What we learned:

  • We should have spent more time in Harajuku and Takeshita Street. That was a fun district! Next time we’ll try some street food as well!

We were amazed by the crowds at the Shibuya crossing. It was a cool experience to join the locals trying to cross the road without stumbling or bumping into someone.


Day 5: 


I’ve enjoyed city views from several tall buildings in my life, and I don’t seem to get tired of it. Skytree was therefore a sure thing when we made our itinerary. When we decided to visit Skytree, we didn’t expect that everyone else wanted to do that too. We bought our tickets in the ticket counter (almost no waiting time at all) and were told to go next door to queue up for the elevators. If we knew that it would take one hour of waiting time (with a queue system that almost looked like a “Snake”-screen on my old Nokia), we might have skipped it. Or delayed it until later in the day. We spent about 15-20 minutes walking around and taking photos before we decided that it was enough. Was it worth it? Yes, for me it was.


What we learned: 

  • Expect to stand in line for a while when visiting tourist attractions (quite obvious..)
  • It might be a good idea to visit the busiest attractions either early in the morning or late in the afternoon.

We took a walk down Nakamise Dori, a long market street that leads to Sensoji Temple.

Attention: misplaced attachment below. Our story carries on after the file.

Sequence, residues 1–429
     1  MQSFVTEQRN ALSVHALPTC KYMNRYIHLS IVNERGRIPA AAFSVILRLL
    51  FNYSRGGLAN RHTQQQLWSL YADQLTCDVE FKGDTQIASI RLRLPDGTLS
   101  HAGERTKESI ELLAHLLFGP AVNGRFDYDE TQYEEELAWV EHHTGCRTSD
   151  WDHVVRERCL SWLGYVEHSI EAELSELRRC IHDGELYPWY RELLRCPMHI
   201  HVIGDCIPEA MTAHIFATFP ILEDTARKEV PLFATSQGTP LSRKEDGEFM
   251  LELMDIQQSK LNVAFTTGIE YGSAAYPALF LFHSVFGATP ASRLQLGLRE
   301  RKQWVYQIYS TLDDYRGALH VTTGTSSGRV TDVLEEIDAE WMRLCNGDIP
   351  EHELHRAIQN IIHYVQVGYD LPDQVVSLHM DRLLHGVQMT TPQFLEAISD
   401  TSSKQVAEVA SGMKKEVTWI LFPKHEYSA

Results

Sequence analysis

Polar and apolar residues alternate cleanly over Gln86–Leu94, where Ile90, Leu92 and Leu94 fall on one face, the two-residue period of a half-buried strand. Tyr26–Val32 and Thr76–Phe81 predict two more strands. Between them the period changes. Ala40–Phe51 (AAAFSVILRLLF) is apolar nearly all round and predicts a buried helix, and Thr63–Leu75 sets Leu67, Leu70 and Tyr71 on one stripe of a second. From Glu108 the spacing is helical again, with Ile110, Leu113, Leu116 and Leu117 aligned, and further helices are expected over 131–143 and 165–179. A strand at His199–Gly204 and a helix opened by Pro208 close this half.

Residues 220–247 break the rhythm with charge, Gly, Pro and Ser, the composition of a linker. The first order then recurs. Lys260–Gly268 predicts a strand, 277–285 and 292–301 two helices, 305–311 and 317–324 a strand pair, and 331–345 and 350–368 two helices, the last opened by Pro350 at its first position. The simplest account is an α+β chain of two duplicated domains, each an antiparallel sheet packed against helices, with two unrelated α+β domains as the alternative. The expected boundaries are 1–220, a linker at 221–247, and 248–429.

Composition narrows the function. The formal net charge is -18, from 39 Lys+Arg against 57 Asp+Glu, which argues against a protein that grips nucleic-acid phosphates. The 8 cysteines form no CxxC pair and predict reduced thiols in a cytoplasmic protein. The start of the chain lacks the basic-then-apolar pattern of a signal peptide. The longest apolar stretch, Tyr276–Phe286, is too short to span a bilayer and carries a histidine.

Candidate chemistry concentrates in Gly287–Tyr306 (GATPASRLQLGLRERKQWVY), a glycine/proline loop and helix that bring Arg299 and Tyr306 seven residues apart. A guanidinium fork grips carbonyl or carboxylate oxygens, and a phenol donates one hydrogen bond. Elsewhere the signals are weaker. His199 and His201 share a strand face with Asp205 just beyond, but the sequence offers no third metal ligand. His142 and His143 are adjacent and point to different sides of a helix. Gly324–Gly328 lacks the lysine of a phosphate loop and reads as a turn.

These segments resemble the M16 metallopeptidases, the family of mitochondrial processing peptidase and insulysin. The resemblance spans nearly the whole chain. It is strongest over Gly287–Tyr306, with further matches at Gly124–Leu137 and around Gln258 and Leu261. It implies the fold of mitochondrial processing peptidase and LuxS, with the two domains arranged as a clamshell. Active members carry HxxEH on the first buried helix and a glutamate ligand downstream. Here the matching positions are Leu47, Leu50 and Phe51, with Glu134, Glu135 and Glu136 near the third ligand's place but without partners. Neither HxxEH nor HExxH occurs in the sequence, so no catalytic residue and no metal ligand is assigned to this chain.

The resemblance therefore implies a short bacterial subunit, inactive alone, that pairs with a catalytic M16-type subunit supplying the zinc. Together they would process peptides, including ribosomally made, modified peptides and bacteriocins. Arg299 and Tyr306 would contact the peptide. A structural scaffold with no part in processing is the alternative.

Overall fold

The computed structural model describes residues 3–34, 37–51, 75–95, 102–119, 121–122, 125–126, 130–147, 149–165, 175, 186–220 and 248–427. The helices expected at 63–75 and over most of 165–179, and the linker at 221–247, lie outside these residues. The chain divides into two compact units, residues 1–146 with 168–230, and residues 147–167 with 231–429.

We had planned to enjoy a boat trip from Asakusa to Odaiba, but it got cancelled due to wind. We decided to still go to Odaiba to enjoy the sunset over Tokyo Harbor.


Day 6

We decided to pay Tokyo Tower a visit. I guess we judged the tower by its color and didn’t stick around for longer than it took to take a few photos. The tower is actually taller than the Eiffel Tower. I kind of regret it now that I’ve read more about it.


We also wanted to see the Imperial Palace and the park that surrounds it. It was such a huge park area and not much to do. I guess we could have skipped it, but I managed to take some nice shots of the buildings and the park area.

2015-11-28 05.40.45.jpg


The action can sometimes find you when you visit a big city like Tokyo. During our lunch, several police cars and fire brigades appeared, and crowds gathered around to see what had happened. The street filled up with people within a couple of minutes. We didn’t see what exactly had happened, but a fire truck pulled up and raised its ladder, and the firefighters ran around.


We spent the evening in the Ueno area, shopping our last souvenirs and eating a not so nice dinner at TGI Fridays.

I’ll write a more detailed travel guide later, with a lot more information about what to see and do.


Have you been to Tokyo? What did you see and do? Please leave a comment. I’d love to read about your Tokyo experiences.